A recent Searchmetrics report shows that when it comes to search-engine-optimization visibility, news and question-and-answer sites come out way ahead of social sites. Even the big players like Twitter and Tumblr are in the top spot of the “big losers” list. Weird, right? It looks like that content revolution they’ve been warning us about is very real.
Who’s on top?
The biggest winner, according to Searchmetrics’ data, was The Atlantic, which somehow recovered from Google’s Core Update this year. Others are a lot of the usual suspects—The New York Times, The Guardian, Vanity Fair—the list goes on. What’s surprising is that last year those very sites were at the bottom. This year they’re taking charge in the top 20. Why?
Here are the top five winners, according to Searchmetrics:
Although the losers’ list (see below) is led by two social platforms, Instagram is among the big winners.
There are a lot of reasons why content sites are coming out on top this year. For one, Google and various Panda quality updates slowly worked throughout the course of the year to slide quality content up the ladder.
The biggest, although unofficial, reason might be the Newswave update in June. That update gave sites with “fresh,” or relevant and timely content, the mark of approval for a little lift in the rankings. But it’s not all about algorithms. The algorithm only helps if there’s quality content.
Google rewarded sites that optimized for user intention and then went on to fulfill that need.
So don’t think you can just slap any old blog post up and benefit. All of the newspapers and magazines that top the winner’s list provide comprehensive and interesting content, along with being optimized for search. They had to hit that trifecta to avoid the loser’s list.
Who are the losers?
Speaking of, it’s pretty shocking that content sites make up the majority of those with increased visibility this year, while social sites took a plunge. We see that Instagram and YouTube are still standing tall, but they’re the only two social sites inhabiting the top 10 in a sea of content publishers.
Here are Searchmetrics’ top five losers:
Dropping in visibility could be due to tech issues, duplicate content (although that doesn’t necessarily penalize sites anymore) or a failed product launch. A drop could also be due to the Phantom II update, which penalized sites for user-generated content, which is heavily redundant.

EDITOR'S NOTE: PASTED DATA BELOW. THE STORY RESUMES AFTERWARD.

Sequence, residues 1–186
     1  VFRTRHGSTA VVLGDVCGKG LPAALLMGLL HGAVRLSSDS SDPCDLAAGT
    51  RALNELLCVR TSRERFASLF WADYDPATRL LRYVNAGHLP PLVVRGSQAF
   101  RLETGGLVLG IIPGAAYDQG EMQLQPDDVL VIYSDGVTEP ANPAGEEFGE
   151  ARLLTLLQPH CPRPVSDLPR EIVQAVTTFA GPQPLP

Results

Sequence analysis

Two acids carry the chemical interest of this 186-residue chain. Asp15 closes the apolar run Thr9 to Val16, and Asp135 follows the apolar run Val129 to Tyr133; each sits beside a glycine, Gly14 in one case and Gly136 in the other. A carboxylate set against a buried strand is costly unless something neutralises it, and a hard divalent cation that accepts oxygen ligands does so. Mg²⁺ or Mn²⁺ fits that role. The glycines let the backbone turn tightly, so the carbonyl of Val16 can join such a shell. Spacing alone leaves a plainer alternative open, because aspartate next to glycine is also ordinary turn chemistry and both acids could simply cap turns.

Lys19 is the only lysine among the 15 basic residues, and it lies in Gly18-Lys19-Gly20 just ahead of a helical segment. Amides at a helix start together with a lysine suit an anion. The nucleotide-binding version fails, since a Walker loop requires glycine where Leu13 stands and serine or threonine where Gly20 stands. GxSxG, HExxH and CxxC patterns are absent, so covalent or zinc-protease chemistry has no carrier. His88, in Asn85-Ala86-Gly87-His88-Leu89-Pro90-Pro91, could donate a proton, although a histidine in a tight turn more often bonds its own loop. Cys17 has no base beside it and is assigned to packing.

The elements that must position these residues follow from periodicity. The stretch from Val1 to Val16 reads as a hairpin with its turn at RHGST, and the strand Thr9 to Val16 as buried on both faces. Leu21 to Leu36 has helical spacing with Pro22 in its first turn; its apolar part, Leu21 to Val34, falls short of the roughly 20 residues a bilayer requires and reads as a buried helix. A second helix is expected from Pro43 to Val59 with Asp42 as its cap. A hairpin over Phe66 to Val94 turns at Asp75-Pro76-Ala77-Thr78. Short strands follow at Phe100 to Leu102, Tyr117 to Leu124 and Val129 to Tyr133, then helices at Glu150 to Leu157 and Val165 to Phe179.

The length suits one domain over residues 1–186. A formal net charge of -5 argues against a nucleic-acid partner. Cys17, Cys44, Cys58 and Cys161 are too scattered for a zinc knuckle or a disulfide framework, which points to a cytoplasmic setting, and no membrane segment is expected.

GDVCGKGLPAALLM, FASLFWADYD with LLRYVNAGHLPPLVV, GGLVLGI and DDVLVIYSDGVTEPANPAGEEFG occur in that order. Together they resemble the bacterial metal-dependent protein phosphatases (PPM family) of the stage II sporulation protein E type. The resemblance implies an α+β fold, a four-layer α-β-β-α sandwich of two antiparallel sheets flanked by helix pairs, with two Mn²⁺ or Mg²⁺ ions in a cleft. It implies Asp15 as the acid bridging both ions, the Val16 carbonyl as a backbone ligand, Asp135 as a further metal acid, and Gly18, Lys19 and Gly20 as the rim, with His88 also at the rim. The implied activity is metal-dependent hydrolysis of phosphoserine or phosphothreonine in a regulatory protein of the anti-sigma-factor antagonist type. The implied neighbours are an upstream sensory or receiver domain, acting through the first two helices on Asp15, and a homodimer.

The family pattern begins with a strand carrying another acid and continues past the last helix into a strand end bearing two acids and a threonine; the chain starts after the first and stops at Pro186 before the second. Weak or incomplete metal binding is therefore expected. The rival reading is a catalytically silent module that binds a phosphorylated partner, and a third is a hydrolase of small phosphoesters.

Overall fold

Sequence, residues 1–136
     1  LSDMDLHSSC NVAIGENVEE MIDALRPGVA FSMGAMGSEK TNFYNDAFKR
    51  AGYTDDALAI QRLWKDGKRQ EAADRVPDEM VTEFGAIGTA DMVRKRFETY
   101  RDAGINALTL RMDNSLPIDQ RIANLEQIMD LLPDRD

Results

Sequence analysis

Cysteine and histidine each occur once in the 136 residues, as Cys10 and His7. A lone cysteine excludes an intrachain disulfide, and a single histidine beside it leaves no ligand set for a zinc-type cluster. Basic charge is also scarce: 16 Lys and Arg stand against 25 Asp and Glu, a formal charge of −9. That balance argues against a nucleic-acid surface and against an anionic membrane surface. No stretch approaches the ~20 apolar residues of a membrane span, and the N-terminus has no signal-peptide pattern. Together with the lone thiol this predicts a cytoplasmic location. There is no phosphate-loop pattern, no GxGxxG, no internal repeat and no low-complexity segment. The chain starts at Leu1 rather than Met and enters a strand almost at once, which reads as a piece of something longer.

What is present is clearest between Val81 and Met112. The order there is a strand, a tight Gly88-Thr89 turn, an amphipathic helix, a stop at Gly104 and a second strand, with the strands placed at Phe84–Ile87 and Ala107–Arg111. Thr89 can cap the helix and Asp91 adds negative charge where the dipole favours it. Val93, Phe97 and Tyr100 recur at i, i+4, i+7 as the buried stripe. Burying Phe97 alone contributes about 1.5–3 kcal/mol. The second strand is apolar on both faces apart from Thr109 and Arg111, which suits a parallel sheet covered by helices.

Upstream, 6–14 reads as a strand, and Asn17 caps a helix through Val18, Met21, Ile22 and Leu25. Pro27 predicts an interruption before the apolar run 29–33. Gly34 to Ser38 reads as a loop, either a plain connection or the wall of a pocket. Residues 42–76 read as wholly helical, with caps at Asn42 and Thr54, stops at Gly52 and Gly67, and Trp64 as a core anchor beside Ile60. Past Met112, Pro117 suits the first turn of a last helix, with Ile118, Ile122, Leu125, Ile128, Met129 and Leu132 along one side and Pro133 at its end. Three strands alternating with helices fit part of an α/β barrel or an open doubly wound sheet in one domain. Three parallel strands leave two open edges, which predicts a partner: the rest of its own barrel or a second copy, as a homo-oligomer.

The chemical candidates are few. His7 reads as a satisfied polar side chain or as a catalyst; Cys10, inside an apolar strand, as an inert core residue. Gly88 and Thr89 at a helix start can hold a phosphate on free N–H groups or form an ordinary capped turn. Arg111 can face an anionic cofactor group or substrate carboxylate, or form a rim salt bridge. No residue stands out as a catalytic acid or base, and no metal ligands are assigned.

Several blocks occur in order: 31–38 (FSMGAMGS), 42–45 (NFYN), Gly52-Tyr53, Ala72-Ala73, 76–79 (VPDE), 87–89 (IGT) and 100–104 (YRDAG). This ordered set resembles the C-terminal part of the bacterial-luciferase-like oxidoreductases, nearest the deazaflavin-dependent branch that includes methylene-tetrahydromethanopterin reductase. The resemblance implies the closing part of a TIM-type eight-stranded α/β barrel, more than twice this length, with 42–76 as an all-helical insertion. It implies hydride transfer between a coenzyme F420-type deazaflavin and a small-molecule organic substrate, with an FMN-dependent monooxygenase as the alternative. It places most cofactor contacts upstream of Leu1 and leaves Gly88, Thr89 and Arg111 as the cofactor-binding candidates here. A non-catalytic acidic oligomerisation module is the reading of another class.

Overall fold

Twitter, Tumblr, Craigslist, Yelp and even The Huffington Post saw huge drops in visibility this year. But just like with the winners, a number of factors could be contributing, so it may not be an easy fix to regain status.
Although these top platforms may not be quaking in their boots just yet, the main takeaway should be that publishers have finally gotten their act together. The real worry will be if they keep it up.
It’s an underdog story
After taking digital beatings for so long, it’s starting to look like publishers have finally stopped thinking of SEO as a dirty little word. It turns out that there’s a way to make it work by focusing on mobile optimization (all in the top have great mobile experiences, to boot) and quality content that takes the user intention and experience to heart. Sorry, social, but content is coming for you.
And while we’re on the subject of David-vs.-Goliath-type match-ups, there’s no reason why small businesses can’t leverage content to increase their visibility and take on larger competitors. Why should the major players be the only ones who benefit?
A recent report on small business growth put out by Wasp Barcode Technologies found that while “80 percent of small businesses use social media, many continue to underutilize SEO, blogging and video.”
Focusing more on content marketing could solve the SEO and blogging issues at once. And with greater visibility could come the added revenue to take on other challenges and really grow.
The revolution continues
Of course, social media isn’t going anywhere (how else will you promote the content you create?), but the content revolution is real. It will most likely continue to be played out on Google’s homepage, until or unless some Google update comes along and changes everything.
Come to think of it: Don’t ever put all your digital eggs in one basket, because the future is never clear until it arrives. And for the moment, content certainly has.
This post originally appeared on SocialTimes.